Welcome to Laurel A. Rockefeller
Where are you from? United States (Pennsylvania.)
On average how many books do you read in a month? I usually read one book every three to six months. Since I do a lot of research, I tend to go through about 20 academic research papers per month.
Why are books important to you and what does reading bring to your life? Reading is how we learn. Books should expand our minds and introduce us to new ideas. They should also expand our vocabularies and improve our language proficiency.
What genres do you prefer and why? I love history, well-researched historical fiction (the better the researched and more accurate to history, the more I will like it), science, science fiction, some fantasy, as well as books on herbalism and herbal healing. My most read books in my library are reference books. I have read “Guide to a Well Behaved Parrot” more than three dozen times as it helps me in my day to day interactions with my cockatoo.
Do you have a favourite book or author, why do you think you like this book/author so much? I am a huge fan of J.R. R. Tolkien. Professor Tolkien was a great world builder and probably the biggest influence on my writing. I also really enjoy Shakespeare, Charles Dickens, and Jane Austen. My favorite American writer is Marion Zimmer Bradley who was also one of the founders of the Society for Creative Anachronism which I’ve been a part of my entire adult life. Dorothy Fontana is my favorite teleplay writer. Dorothy Fontana not only wrote “Journey to Babel” for the original Star Trek, but she’s also been part of the Society for Creative Anachronism from its earliest years.
What medium do you prefer – e-books, audiobooks or paper books? Would you care to expand on this? I am low vision, so I rely on audiobooks (that might shift once I learn braille) and large print books. Sadly, not that many authors offer their books in large print. This is one reason why I do not read as much as others.
How do you usually find the books you read? For example: recommendations from friends, promotion on social networks, your local library, following authors you already know? Good question. PBS has given me a lot of my leads for great material, along with the BBC. I love Ken Burns documentaries, so after watching one, I tend to research the topic further by reading books by contributors to his documentaries. Biographical motion pictures also have this effect on me. I read the “Dao of Jeet Kun Do” by Bruce Lee not long after watching “Dragon: the Bruce Lee Story.”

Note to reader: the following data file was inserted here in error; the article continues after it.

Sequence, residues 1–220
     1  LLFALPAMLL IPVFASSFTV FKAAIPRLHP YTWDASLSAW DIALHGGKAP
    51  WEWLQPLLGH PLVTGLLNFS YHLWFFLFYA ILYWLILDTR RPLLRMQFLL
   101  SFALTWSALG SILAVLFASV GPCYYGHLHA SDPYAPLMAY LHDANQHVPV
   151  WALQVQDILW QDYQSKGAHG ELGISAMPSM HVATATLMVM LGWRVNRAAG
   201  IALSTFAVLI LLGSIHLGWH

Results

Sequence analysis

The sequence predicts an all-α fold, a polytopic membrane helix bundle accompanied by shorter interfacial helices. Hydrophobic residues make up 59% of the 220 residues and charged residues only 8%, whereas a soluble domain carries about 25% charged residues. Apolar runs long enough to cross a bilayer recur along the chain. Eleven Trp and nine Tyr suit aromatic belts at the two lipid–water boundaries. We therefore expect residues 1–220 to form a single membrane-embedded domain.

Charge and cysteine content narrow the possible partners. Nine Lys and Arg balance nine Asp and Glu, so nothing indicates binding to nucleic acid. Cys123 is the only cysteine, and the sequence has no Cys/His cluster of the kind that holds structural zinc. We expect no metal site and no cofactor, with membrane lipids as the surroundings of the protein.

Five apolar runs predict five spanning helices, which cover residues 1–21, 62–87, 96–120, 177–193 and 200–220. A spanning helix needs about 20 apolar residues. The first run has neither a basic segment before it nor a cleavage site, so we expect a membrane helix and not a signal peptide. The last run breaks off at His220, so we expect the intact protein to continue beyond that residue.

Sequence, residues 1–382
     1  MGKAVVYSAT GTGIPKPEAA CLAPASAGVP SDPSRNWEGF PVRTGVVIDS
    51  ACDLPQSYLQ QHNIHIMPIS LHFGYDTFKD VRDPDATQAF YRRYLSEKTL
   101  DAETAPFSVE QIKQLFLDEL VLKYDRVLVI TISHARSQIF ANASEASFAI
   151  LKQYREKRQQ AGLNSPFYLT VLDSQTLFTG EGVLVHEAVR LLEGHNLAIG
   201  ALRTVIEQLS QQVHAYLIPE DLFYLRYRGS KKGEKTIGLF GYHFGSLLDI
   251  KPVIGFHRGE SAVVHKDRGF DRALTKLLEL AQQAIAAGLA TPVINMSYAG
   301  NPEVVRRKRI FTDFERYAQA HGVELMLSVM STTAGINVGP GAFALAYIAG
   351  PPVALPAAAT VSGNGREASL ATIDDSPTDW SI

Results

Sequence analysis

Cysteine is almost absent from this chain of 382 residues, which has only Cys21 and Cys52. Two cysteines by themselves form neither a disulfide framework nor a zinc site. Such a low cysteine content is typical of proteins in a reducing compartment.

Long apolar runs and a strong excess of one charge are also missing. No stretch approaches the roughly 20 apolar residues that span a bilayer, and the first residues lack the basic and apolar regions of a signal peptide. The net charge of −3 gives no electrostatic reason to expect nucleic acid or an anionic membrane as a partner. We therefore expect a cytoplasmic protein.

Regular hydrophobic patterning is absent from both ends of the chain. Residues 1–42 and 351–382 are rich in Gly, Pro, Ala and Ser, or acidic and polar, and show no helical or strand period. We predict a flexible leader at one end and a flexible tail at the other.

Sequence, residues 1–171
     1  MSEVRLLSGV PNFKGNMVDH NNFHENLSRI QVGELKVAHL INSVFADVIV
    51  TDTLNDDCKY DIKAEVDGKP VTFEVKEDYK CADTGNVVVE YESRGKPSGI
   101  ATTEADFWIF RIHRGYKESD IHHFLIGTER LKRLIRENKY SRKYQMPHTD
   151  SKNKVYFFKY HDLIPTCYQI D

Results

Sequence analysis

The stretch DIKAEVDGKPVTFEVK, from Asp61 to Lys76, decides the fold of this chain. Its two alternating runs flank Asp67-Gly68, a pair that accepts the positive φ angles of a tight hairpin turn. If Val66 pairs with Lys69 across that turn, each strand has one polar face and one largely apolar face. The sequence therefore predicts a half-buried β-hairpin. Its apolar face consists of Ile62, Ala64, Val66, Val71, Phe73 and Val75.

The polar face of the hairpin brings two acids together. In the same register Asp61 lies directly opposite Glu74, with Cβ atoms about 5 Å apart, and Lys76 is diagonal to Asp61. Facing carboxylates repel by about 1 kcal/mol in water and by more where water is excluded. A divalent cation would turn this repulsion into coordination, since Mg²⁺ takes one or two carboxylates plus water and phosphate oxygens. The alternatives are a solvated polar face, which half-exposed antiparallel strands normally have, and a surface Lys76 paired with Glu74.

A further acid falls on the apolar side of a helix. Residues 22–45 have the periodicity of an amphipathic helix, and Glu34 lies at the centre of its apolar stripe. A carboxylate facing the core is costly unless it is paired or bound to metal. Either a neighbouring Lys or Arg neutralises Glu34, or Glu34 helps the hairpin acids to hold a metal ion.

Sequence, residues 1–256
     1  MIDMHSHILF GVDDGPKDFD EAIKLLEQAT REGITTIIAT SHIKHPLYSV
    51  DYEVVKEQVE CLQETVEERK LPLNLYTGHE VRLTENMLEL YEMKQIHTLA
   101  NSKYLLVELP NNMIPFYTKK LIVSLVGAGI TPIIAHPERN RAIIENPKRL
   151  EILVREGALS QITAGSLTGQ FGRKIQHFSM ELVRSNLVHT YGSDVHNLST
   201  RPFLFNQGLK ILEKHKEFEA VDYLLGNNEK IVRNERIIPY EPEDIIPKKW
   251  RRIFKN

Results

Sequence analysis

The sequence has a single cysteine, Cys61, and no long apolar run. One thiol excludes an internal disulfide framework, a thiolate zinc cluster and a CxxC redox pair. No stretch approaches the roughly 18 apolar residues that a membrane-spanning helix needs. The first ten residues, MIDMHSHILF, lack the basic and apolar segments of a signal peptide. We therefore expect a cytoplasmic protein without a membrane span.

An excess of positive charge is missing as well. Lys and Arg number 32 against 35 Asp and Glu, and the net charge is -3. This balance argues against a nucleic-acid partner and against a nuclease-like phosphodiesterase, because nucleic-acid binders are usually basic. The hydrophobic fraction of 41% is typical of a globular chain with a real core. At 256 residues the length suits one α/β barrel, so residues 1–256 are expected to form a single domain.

When choosing a book what makes you stop and give it a second look? What makes you turn away? Do you read reviews by others and if so do they influence the choice?Costuming on book covers — both ways. I’ve been part of the Society for Creative Anachronism for over 20 years and have learned a lot about historical costuming by making, wearing, and being around others in the society. I can pretty accurately date costumes I see on book covers and in films. If the cover is wrong for the time period reflected, I will not read the book. If it is correct, I will give it a second, third, and fourth look.
I am influenced by other reviews and have found some good ideas looking at reviews on GoodReads.
What is the most important aspect in a book for you? Plot? Characterisation? Well written etc? Authenticity and accuracy are critical to me with books. Because if an author takes too much license, I just will not believe the story or the characters. Details matter.
What aspects turn you off from a book? Are there things you avoid? I am turned off by fiction books with overt religious tones. Religion is a part of our societies and our history, but if I feel like a book is preachy at me, that is a huge turn off.
I am also turned off by “historical” fiction that is really more fantasy than historical. I have an academic background in medieval history and I read/explore a lot of history overall. So when someone gets too fantastical, I’m turned off. This starts with the book covers. So if, for example, you set your book in Henrican England (perhaps a story about the relationship between Mary I and Elizabeth I during their father’s reign), that book cover really needs to feature clothing between 1520 and 1575 (Henrican to early Elizabethan). If it clearly is not, then I just won’t consider the book.
The other big turnoff for me is explicit sex and violence. I am not into erotica at all and, having lived a violent childhood, find too much violence rather uncomfortable. Stories can be easily told without that level of detail. Let me imagine the details; I do not need to read them in gory or pornographic detail.
Do you think bricks and mortar bookshops are in decline? Yes, absolutely!